Scientists at the Centro Nacional de Investigaciones Cardiovasculares (CNIC) have identified the first blood biomarker for myocarditis, a cardiac disease that is often misdiagnosed as myocardial infarction. Nevertheless, the diagnosis of myocarditis continues to be challenging in clinical practice.
The study, led by Dr. Pilar Martín and published today in The New England Journal of Medicine, has detected the presence of the human homolog of micro RNA miR-721 in the blood of myocarditis patients.
CNIC General Director Dr. Valentín Fuster emphasizes that these results of paramount importance because they establish the first validated blood marker with high sensitivity and specificity (>90%) for myocarditis. This will allow clinicians to distinguish between this disease and other cardiomyopathies like acute myocardial infarction, myocardial infarction with nonobstructive coronary arteries (MINOCA), and other inflammatory diseases with an autoimmune origin.
“Our finding has great potential as a valuable clinical tool for the precise and noninvasive diagnosis of myocarditis from small drops of blood,” says Dr. Martín, whose project is funded by a Fundación BBVA Beca Leonardo award.
The diagnosis of myocarditis is challenging, and the availability of a sensitive and specific marker of acute myocardial inflammation could have a major clinical impact, improving the diagnosis of myocarditis both generally and particularly in its early phases.
An inflammatory disease of the heart
Myocarditis is an inflammatory disease of the heart caused by infection, toxins, drugs, or autoimmune disorders. If untreated, myocarditis can progress to potentially fatal dilated cardiomyopathy, requiring heart transplant.
The prevalence of myocarditis remains uncertain because it is often difficult to achieve a confirmed diagnosis.
Myocarditis, says study co-first author Rafael Blanco-Domínguez, “is often the final diagnosis in patients with MINOCA, which accounts for 10 to 20 percent of patients meeting the criteria for myocardial infarction.”
Myocarditis is usually diagnosed after coronary angiography or computed tomography scans have discarded coronary artery disease, followed by confirmation of the diagnosis by magnetic resonance imaging (MRI).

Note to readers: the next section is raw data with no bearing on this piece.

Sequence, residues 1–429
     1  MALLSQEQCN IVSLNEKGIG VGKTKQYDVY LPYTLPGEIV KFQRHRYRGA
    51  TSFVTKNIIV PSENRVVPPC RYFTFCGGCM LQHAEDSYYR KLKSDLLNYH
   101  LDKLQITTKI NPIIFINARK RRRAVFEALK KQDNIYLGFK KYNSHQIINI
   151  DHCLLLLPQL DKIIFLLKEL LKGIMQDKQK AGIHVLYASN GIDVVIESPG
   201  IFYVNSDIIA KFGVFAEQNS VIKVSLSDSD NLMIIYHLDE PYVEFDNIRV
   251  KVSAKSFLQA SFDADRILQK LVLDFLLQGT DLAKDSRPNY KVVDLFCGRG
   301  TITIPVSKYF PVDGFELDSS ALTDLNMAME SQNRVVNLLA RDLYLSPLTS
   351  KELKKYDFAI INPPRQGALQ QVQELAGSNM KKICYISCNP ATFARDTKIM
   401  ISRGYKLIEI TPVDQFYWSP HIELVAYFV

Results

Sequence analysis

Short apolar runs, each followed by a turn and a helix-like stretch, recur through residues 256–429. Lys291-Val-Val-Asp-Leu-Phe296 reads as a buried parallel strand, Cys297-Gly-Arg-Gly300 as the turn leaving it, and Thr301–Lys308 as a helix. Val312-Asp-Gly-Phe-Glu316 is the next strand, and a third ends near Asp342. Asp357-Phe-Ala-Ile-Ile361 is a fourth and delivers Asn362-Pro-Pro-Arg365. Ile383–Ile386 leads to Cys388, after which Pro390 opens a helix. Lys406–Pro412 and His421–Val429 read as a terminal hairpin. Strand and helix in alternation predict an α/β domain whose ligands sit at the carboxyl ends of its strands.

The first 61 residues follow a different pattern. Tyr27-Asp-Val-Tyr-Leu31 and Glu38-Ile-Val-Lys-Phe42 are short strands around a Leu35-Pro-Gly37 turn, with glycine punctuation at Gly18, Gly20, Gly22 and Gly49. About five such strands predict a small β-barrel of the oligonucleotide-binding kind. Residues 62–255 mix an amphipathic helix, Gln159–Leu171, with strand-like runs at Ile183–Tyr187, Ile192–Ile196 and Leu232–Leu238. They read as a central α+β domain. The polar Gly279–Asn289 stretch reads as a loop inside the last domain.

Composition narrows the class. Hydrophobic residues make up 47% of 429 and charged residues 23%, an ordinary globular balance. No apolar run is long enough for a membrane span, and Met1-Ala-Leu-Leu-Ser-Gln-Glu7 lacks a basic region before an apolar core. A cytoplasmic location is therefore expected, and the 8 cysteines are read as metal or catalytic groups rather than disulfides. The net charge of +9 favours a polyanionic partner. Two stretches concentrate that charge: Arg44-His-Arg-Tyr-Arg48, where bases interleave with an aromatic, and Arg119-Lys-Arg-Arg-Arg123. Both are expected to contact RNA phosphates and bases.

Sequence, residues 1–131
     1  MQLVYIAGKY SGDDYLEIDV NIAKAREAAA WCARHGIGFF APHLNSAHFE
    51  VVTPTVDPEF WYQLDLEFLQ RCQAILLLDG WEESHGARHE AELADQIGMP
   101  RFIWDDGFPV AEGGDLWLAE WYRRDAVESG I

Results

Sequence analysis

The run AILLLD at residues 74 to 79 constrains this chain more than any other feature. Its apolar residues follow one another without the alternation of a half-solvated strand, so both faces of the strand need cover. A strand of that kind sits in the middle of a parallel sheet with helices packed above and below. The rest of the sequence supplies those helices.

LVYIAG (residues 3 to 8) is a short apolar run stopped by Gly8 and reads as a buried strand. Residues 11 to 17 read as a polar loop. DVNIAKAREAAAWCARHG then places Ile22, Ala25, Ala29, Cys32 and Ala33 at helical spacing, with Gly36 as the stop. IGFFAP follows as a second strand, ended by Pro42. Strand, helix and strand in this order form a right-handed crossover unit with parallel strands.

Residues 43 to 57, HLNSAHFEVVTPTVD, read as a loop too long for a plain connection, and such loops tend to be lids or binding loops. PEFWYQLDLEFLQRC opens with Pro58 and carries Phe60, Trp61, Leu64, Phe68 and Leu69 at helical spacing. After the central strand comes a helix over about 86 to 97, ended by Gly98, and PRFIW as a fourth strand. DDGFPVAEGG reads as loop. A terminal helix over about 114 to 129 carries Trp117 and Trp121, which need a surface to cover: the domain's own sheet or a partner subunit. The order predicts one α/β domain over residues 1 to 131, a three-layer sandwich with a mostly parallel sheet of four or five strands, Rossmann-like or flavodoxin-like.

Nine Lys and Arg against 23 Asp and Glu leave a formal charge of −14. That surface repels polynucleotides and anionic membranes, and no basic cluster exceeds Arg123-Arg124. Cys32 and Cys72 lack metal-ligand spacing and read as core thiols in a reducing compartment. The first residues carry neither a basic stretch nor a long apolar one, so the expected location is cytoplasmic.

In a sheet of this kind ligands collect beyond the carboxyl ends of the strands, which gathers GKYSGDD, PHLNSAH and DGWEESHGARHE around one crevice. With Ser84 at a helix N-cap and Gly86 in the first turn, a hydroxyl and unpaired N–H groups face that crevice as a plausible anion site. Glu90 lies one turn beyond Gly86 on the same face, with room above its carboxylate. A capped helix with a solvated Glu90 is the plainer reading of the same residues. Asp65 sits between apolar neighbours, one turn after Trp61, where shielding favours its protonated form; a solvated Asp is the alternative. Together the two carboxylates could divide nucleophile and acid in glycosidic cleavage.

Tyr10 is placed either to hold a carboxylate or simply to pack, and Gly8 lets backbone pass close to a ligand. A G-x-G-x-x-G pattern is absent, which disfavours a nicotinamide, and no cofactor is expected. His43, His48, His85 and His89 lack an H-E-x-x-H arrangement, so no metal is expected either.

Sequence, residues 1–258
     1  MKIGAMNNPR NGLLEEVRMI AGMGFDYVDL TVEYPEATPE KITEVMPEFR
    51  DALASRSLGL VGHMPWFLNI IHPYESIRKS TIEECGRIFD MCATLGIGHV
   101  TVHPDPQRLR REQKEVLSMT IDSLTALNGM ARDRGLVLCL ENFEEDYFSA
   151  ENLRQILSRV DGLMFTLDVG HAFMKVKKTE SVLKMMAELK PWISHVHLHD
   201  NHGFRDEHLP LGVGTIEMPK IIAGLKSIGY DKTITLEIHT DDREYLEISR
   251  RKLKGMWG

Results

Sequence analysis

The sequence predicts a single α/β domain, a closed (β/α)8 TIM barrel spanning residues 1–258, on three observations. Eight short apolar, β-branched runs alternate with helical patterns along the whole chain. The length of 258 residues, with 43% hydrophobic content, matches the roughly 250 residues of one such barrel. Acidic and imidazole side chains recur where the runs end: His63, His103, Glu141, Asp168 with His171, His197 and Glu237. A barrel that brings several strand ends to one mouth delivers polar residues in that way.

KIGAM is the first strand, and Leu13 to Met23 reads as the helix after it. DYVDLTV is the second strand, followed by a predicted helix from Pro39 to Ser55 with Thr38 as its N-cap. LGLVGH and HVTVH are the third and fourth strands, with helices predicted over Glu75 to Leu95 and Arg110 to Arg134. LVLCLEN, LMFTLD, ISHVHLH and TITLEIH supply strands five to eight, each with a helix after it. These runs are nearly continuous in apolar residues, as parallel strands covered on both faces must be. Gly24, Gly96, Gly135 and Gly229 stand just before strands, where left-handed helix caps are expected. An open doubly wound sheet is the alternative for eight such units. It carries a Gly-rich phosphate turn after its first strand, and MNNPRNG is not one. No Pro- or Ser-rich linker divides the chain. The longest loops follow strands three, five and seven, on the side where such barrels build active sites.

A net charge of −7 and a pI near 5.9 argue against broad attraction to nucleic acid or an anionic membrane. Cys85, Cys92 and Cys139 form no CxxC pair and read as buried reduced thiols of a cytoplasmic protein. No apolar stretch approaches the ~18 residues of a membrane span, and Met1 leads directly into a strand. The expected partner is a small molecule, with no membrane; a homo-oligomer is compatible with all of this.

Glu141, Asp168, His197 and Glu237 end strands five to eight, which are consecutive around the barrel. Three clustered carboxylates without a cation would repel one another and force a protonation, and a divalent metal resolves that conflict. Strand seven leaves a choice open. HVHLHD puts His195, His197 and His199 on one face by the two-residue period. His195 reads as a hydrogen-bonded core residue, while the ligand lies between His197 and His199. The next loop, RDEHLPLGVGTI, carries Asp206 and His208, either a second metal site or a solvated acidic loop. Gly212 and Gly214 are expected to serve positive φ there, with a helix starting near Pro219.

However, not all centers have access to MRI technology, and the current gold standard for myocarditis diagnosis is endomyocardial biopsy, an invasive procedure normally reserved for severe cases. There is thus a pressing clinical need for the development of reliable and accessible tools for the early diagnosis of acute myocarditis.
Moreover, adds Raquel Sánchez-Díaz, “Myocarditis is a side effect that, although very rare, is potentially serious in cancer patients who are receiving treatment with immunotherapy drugs called immune checkpoint inhibitors.”
There are currently no specific markers for the diagnosis of patients susceptible to developing myocarditis during cancer immunotherapy.
“We identified miR-721 in the blood plasma of mice with autoimmune or viral myocarditis. This miRNA is produced by autoimmune Th17 cells that recognize cardiac antigens derived from proteins such as alpha-myosin,” says Rafael Blanco-Domínguez.
Study co-first author Raquel Sánchez-Díaz says, “These cells attack the myocardium, and are in large part responsible for the pathophysiology of the disease.”
The research team went on to identify, clone and validate the previously unknown human homolog of miR-721. The study confirmed that this miRNA is synthesized in the Th17 cells of myocarditis patients and its expression is exclusively detected in the plasma of these patients.
The biomarker was validated by cardiologists and researchers at numerous hospitals in Spain and abroad. The researchers are currently designing studies to evaluate the potential of the biomarker as a predictor of short-term and long-term risk, the persistence of myocardial inflammation, and the risk of relapse, clinical progression, and adverse ventricular remodeling.
The CNIC is the sole owner of a patent related to the biomarker and its use for the diagnosis of miocarditis. The CNIC is now exploring licensing agreements with industrial partners to develop and commercialize this technology in order to make it available for clinical use.
Dr. Fuster says, “This study is a shining example of how the basic research carried out at the CNIC contributes to societal wellbeing through the translation of the knowledge gained in the center’s laboratories to clinical practice.”
Centro Nacional de Investigaciones Cardiovasculares Carlos III (F.S.P.)